Old Video of Mike Pence Slamming Barack Obama for 'Overturning' Immigration Law 'With the Stroke of a Pen' Just Came Back to Haunt Him

2014 C-SPAN footage of then Indiana Governor Mike Pence at the Republican Governors Association conference condemning presidential use of executive orders. (@BillKristol/Twitter)

For the latest "Always a Tweet" Vice President's edition, C-SPAN footage of then Indiana Governor Mike Pence resurfaced on Twitter Thursday. Always a tweet refers to President Donald Trump or other members of the Trump administration condemning their own future actions in past Twitter posts.

For those who did not use Twitter as their primary form of communication for years—such as Vice President Pence—there is always a quote from videos and print interviews.

In 2014, Pence stated:

"I think it would be a profound mistake for the President of the United States to overturn American immigration law with the stroke of a pen."

Pence added:

"Issues of this magnitude should always be resolved with the consent of the governed. Signing an executive order, giving a speech, barnstorming around the country defending that executive order is not leadership."

People across the political spectrum call out the hypocrisy of Trump, his family members and administration. This time, conservative pundit Bill Kristol—Director of Defending Democracy Together and member of Rule of Law Republicans—called out Pence's support of Trump's national emergency ploy and continuous "barnstorming around the country" by sharing the C-SPAN video.

Watch an excerpt of Pence's remarks about Obama and executive orders at the Republican Governors Association November 2014 conference here.

In each case of always a tweet, the President, his VP or members of his cabinet or staff strongly condemned an action by a Democratic leader or in most cases President Barack Obama. However they now endorse and embrace the same action when President Trump or a GOP leader does it.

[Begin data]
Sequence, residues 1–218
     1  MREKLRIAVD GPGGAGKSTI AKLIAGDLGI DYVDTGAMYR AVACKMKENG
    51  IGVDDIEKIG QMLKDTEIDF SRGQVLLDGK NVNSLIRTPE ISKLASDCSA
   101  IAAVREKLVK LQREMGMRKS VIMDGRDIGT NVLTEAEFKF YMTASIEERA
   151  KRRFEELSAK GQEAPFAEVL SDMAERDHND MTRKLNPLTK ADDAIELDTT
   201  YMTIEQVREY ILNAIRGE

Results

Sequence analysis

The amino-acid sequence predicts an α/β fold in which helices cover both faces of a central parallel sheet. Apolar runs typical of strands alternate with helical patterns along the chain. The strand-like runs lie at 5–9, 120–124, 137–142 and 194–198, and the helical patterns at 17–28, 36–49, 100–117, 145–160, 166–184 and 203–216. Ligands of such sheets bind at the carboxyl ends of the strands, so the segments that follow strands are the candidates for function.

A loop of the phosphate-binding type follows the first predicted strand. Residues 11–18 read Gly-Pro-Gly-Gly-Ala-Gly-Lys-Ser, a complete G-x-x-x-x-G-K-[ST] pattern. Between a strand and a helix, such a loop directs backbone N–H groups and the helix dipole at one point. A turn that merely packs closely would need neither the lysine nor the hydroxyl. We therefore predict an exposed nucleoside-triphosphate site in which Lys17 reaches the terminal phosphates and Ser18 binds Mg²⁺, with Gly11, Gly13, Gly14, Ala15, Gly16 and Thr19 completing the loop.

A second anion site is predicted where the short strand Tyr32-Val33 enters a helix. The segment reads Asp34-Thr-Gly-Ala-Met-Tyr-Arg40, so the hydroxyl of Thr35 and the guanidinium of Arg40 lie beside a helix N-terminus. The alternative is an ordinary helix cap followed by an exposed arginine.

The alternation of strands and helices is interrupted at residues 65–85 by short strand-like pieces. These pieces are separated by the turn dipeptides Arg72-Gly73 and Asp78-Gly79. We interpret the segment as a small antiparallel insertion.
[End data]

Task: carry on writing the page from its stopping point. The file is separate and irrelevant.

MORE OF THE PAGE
Frequently, they condemned an exaggerated or false representation of the actions of Obama—like his vacation time, golf trips, executive orders or endless rallies—then endorse or ignore Trump doing what Obama was accused of. President Trump just held another Make America Great Again rally in El Paso, Texas to bolster support for his border wall.

The Republican Governors in attendance that year, many of whom stumped for or joined the Trump administration like Chris Christie and Rick Perry, denounced President Obama's plan to address the lack of promised immigration reform—after being mired in Congress for decades—with an executive order.

In his 2014 remarks, Pence stated:

"The president has an opportunity now to work with the Congress after it convenes in January and to find a piece-by-piece approach in dealing with the issue of immigration reform. The power of the Congress is the power of the purse."

However Obama's executive order planned to address creating a path to legal citizenship for childhood arrivals, leading to the Delayed Action for Childhood Arrivals or DACA. It was not an attempt to pull appropriated funds set aside for specific purposes by Congress to another Obama pet project.

Pence's condemnation is far more appropriate for his running mate, President Donald Trump.

Trump intends to use a national emergency declaration—with no discernible emergency to support it—to divert 8 billion dollars to his border wall. But even a Republican controlled Congress refused to fund Trump's wall and the majority of voters in the United States have never supported the "most expensive and least effective" form of border security.

Back in 2014, Pence stated:

"I think it would be a profound mistake for the President of the United States to overturn American immigration law with the stroke of a pen."

He then added a comment about true leadership when he said:

"I would implore the President to reconsider this path and to demonstrate the kind of leadership that the American people long to see. And that this administration would sit down with this newly-minted Republican Congress and find genuine common ground on border security."

Pence continued his push for presidential cooperation with an opposing Congress when he said:

"There’s a series of piece by piece reforms that I believe that could be advanced in this Congress that would be in the longterm interest of the American people on this issue."

While no one knows what is said in private, Pence gives no such public admonitions about Trump's refusal to sit down with a newly minted Democratic House and negotiate border security and immigration law reforms.

From the outside looking in on the Trump administration, it appears something is only a bad thing if the other guy does it.

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